The U.S. government can withhold photographs and videotapes of a Guantanamo Bay detainee identified as the would-be 20th hijacker in the Sept. 11 terror attacks, a federal appeals court ruled Tuesday.
The 2nd U.S. Circuit Court of Appeals in Manhattan agreed with the government that images of Mohammed al-Qahtani, if made public, “could logically and plausibly be used by anti-American extremists as propaganda to recruit members and incite violence against American interests at home and abroad.”
Authorities have said al-Qahtani narrowly missed being one of the hijackers when he was denied entry into the U.S. at an Orlando, Florida, airport a month before the attacks. He was captured by Pakistani forces in December 2001 and taken to Guantanamo, where he remains.
The Center for Constitutional Rights sued the departments of Defense and Justice and the CIA in 2012, saying the release of videotapes and photographs of his interrogation and confinement would serve the public interest. The group has accused FBI and military personnel of subjecting al-Qahtani to isolation and aggressive interrogation techniques in 2002, including the use of a snarling dog, stripping him naked in the presence of a woman and repeatedly pouring water on his head.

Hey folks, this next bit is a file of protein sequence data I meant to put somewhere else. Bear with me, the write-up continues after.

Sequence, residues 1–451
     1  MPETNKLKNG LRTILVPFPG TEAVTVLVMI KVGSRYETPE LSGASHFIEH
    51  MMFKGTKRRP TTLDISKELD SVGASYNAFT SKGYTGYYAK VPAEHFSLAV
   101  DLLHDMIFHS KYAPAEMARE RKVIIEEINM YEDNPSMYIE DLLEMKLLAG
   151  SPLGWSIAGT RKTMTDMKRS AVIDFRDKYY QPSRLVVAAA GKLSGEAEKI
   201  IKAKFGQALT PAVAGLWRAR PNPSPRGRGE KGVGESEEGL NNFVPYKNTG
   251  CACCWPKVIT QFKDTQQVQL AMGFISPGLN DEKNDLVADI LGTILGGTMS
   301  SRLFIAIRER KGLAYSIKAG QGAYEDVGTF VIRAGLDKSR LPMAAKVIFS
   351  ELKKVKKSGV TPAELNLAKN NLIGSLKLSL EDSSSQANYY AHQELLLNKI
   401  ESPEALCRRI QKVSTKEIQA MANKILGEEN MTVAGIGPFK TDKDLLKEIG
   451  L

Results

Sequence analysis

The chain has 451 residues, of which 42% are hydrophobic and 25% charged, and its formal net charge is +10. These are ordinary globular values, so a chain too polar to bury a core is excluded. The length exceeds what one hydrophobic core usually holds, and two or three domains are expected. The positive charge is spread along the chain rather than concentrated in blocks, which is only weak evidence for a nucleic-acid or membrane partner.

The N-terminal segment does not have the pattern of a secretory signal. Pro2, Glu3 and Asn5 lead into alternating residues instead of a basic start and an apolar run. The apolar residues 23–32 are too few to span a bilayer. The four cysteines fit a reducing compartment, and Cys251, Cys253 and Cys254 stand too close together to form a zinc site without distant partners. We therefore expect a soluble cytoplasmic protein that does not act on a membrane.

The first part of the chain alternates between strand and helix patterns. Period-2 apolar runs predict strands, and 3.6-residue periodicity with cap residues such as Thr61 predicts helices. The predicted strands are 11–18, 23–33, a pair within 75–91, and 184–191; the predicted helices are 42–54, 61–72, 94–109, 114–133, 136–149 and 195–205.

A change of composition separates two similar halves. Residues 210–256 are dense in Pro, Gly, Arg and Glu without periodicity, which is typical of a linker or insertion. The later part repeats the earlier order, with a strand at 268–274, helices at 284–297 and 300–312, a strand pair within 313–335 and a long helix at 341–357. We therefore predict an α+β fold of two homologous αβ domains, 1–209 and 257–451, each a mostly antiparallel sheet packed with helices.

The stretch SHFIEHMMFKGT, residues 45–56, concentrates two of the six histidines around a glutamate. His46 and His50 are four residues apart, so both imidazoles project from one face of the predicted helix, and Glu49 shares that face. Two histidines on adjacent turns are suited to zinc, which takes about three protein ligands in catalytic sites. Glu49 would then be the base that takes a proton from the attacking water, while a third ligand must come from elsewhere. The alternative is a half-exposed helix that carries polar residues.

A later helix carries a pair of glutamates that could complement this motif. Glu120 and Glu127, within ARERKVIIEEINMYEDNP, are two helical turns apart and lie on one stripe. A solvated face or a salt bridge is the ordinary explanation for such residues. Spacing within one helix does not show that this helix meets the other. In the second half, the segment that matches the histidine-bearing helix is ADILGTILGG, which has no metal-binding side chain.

The U.S. government acknowledged possessing 53 videotapes depicting al-Qahtani in his cell, two videotapes showing intelligence briefings, another videotape showing him being extracted from his cell and six photos of him.
Last year, a federal judge who reviewed the material ruled that it could be kept secret because of national security.
The three-judge appeals panel agreed, but it stressed that its decision did not exempt the government from disclosing images of detainees. It said al-Qahtani’s case was an exception because of his standing as a high-profile al-Qaida operative and by an admission from U.S. officials that his treatment fit the legal definition of torture — factors that could be exploited for propaganda purposes.
Larry Lustberg, an attorney who argued the case for the Center for Constitutional Rights, said it was considering further legal options.
“In effect, the court has embraced a rule that allows the government to use its own human rights abuses as a justification for concealing evidence of that misconduct from the public,” he said in a statement.